In 1993, Rebekka Pratte's hand was slammed in the door of a van owned by the First Church of God-Santa Maria, Inc. (the Church). After Doctors Reo Reiswig and Karen S. Kolba treated the injury, Pratte developed a serious condition known as "complex regional pain syndrome." She sued the Church, which was insured by plaintiff Preferred Risk Mutual Insurance Company. On January 24, 1996, plaintiff insurer paid Pratte the policy limit of $1 million in exchange for a release of claims against the Church. On January 16, 1997, plaintiff insurer served Doctors Reiswig and Kolba with section 364 notices of intent to sue, and on April 10, 1997, it filed a complaint in subrogation to the Church's right of equitable indemnity [21 Cal. 4th 220] against both physicians. The complaint alleged that defendant physicians had aggravated Pratte's injury by negligently treating her hand, and it sought indemnification for the money plaintiff had paid to Pratte in a settlement of her lawsuit against the Church.

Defendants demurred, claiming, as relevant here, that the complaint was barred by the one-year statute of limitations of section 340, subdivision (3). The trial court sustained the demurrer without leave to amend, and the Court of Appeal affirmed the judgment.

II

Section 340.5 provides: "In an action for injury or death against a health care provider based upon such person's alleged professional negligence, the time for the commencement of action shall be three years after the date of injury or one year after the plaintiff discovers, or through the use of reasonable diligence should have discovered, the injury, whichever occurs first." (Italics added.) Thus, section 340.5 applies to any complaint that satisfies these three requirements: (1) the action must be "against a health care provider," for (2) "injury or death," based on (3) the health care provider's "alleged professional negligence." Here, plaintiff insurer's action against defendant physicians for equitable indemnity meets each of these criteria.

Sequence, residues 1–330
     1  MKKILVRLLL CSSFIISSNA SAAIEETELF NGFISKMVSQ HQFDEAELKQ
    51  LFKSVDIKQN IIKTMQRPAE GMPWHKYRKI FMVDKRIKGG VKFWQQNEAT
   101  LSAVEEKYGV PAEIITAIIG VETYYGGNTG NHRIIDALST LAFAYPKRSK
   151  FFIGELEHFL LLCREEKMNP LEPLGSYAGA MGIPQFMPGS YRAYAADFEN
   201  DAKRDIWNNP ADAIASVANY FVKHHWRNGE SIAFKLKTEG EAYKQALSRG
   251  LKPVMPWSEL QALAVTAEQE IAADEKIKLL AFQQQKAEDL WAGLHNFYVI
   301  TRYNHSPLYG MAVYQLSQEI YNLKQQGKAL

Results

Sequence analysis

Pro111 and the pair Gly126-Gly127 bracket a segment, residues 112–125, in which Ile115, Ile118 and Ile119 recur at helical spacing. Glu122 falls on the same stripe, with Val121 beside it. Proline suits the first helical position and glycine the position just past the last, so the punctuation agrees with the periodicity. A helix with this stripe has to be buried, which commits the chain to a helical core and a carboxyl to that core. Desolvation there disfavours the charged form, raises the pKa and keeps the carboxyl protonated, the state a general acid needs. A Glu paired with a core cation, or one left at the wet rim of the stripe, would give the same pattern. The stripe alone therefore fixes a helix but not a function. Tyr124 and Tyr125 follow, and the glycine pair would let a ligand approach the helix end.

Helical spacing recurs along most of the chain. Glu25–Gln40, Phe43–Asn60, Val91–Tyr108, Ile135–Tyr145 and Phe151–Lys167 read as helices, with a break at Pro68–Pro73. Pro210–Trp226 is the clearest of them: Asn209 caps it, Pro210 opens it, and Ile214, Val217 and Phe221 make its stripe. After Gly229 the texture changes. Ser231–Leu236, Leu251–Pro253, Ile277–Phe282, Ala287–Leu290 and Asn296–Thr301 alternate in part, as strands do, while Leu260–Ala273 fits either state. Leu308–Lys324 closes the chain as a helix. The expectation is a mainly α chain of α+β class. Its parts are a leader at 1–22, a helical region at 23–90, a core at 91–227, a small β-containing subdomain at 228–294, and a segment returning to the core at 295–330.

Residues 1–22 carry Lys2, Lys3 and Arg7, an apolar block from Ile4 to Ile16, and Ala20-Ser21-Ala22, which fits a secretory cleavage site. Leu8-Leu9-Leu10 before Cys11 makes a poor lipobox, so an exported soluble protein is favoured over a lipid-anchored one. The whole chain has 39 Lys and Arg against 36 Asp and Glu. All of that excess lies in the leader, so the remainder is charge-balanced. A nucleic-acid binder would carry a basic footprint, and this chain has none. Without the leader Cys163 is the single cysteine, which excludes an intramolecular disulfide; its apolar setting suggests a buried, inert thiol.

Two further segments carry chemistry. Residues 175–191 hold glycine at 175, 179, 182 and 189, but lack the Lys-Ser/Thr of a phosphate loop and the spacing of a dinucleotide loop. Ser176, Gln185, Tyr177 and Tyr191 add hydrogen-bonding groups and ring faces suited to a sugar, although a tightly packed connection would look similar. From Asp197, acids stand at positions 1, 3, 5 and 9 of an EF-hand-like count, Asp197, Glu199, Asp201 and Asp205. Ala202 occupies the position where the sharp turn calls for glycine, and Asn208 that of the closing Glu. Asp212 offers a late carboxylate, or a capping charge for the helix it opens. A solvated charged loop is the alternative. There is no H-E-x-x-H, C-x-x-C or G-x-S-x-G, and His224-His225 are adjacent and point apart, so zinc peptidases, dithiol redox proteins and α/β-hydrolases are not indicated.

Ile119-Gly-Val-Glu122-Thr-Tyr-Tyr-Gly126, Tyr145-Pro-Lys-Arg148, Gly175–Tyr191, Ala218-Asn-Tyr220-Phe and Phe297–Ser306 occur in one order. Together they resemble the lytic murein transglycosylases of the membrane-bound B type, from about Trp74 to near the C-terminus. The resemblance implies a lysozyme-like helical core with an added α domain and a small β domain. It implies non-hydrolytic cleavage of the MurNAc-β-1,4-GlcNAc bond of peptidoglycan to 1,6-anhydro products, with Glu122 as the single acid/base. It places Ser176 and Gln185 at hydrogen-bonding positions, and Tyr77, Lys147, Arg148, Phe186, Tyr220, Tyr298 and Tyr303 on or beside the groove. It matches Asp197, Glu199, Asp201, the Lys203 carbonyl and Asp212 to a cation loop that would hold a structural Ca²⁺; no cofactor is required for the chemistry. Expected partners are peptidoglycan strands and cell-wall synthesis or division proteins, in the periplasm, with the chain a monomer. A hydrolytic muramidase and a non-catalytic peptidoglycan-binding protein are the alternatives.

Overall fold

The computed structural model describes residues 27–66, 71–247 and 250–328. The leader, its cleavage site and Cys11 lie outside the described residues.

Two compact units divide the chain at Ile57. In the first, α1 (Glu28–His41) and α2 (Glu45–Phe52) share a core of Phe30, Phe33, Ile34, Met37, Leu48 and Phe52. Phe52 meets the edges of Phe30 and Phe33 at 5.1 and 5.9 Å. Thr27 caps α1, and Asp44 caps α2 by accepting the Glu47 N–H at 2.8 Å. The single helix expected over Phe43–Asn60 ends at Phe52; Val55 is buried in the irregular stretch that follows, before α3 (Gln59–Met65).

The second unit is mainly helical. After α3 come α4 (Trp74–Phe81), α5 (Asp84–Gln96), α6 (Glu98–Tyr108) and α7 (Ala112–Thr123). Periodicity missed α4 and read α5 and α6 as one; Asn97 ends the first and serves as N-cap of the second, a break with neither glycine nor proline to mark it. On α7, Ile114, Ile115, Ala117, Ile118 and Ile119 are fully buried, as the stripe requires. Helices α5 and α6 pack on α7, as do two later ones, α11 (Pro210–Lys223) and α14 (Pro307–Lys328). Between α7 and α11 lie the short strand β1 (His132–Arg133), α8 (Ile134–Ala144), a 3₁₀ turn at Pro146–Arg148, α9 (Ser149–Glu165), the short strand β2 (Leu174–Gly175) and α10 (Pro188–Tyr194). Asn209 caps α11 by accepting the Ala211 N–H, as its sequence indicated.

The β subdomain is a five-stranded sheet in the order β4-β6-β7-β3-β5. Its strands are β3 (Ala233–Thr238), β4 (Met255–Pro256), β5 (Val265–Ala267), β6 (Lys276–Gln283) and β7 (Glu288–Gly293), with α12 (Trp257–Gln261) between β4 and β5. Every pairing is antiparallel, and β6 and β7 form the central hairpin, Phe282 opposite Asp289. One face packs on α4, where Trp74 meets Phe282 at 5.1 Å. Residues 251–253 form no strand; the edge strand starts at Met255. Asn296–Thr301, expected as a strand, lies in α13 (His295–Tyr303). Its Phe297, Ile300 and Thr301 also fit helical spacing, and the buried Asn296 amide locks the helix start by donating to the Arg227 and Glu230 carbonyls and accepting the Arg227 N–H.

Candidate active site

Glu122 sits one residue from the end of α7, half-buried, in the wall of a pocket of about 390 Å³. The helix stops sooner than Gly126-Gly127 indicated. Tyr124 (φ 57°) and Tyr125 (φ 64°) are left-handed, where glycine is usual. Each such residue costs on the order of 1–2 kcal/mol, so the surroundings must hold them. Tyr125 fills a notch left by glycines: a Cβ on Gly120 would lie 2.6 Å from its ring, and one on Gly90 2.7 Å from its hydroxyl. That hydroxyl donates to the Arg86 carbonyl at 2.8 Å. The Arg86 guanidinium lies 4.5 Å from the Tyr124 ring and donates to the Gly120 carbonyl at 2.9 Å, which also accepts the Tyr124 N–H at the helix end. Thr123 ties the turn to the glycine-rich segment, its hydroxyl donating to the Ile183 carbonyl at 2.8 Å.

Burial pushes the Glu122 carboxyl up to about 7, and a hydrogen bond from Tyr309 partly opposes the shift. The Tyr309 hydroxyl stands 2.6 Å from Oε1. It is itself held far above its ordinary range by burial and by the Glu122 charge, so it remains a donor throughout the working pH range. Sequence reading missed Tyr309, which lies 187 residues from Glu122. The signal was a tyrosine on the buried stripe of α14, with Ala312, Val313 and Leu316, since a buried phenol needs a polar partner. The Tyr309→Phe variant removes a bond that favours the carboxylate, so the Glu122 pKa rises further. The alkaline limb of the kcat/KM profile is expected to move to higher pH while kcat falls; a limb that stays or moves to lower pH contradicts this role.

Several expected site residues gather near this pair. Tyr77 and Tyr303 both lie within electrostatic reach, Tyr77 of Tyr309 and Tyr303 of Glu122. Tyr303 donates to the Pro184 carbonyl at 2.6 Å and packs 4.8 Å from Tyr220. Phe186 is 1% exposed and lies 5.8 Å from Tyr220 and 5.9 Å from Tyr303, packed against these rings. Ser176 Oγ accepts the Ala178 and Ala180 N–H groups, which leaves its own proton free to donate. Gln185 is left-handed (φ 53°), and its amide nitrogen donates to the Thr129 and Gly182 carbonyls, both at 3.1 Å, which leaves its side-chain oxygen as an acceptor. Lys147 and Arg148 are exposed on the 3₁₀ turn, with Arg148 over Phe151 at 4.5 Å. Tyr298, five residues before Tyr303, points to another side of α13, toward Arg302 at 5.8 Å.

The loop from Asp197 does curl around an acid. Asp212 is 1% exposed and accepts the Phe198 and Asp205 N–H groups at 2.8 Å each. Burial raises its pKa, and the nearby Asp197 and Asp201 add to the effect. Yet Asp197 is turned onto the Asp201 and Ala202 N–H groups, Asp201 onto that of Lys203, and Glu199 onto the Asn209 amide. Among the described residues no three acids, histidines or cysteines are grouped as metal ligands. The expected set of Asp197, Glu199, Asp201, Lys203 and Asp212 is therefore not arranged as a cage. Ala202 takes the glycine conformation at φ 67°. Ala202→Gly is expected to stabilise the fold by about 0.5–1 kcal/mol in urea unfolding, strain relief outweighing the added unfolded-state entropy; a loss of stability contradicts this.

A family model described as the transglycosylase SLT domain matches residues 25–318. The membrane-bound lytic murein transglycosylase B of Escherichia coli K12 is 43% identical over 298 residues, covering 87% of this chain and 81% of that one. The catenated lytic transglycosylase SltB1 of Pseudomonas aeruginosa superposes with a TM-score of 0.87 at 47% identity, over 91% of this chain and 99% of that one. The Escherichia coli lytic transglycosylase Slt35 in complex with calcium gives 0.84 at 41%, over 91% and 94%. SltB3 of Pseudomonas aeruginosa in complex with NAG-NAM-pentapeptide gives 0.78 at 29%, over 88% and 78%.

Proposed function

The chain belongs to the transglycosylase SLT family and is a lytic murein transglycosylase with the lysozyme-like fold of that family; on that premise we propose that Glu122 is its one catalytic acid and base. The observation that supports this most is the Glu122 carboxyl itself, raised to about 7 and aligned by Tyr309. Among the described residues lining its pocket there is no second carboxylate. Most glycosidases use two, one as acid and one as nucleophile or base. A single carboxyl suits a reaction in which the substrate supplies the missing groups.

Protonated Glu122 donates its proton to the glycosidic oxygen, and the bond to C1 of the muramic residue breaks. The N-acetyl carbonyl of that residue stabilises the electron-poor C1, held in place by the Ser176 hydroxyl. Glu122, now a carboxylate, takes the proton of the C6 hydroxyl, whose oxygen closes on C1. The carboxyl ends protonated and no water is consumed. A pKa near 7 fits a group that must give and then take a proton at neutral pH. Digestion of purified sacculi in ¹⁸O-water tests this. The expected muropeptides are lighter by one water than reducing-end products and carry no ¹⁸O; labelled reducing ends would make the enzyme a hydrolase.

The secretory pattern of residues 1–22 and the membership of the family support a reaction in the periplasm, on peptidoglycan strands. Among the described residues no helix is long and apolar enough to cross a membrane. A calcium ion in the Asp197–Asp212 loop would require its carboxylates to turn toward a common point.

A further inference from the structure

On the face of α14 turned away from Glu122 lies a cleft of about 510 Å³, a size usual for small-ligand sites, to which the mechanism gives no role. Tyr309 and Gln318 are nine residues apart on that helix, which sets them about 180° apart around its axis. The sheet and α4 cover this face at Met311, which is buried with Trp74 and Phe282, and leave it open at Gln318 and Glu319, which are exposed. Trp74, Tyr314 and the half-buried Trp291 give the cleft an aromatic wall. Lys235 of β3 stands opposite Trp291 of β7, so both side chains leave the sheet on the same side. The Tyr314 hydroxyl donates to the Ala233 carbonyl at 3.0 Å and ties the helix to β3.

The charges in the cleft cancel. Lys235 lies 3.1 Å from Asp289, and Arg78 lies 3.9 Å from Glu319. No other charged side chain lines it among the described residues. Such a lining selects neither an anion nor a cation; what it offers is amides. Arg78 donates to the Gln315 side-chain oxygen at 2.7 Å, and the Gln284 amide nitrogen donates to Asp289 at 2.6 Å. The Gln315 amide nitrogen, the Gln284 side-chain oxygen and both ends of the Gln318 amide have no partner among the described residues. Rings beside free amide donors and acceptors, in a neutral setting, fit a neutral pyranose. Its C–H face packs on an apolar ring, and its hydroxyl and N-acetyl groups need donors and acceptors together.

First, plaintiff insurer's action against defendant physicians is "against a health care provider." (§ 340.5.) Subdivision (1) of section 340.5 provides an explicit definition of the term "[h]ealth care provider." The majority and defendant physicians do not dispute that defendants fall within this definition.

Second, plaintiff insurer's action is for "injury." (§ 340.5.) More specifically, it is for the financial injury that the Church suffered when plaintiff paid, on the Church's behalf, $1 million to accident victim Pratte to compensate her. Implicit in the majority's determination that the applicable statute of limitations is section 340, subdivision (3), which imposes a one-year limitations period on actions for "injury ... caused by the wrongful act or neglect of another" (italics added), is a finding that the action here is for "injury."

Third, the action is "based upon" the health care provider's "alleged professional negligence." (§ 340.5.) Plaintiff alleged that accident victim Pratte was injured in an accident involving the Church, which was insured by plaintiff; and that as Pratte's health care providers, both defendant [21 Cal. 4th 221] physicians committed acts of professional negligence that aggravated Pratte's injury, as a result of which plaintiff insurer paid Pratte more in damages than it would have been obligated to pay if the physicians' negligent acts had not occurred. Thus, the action squarely falls within section 340.5's requirement that it be "based upon" defendant health care providers' professional negligence. The majority concedes as much by concluding that plaintiff's action falls within the notice requirement and the extension provision of section 364, which (like the third requirement of section 340.5) apply only to actions "based upon the health care provider's professional negligence."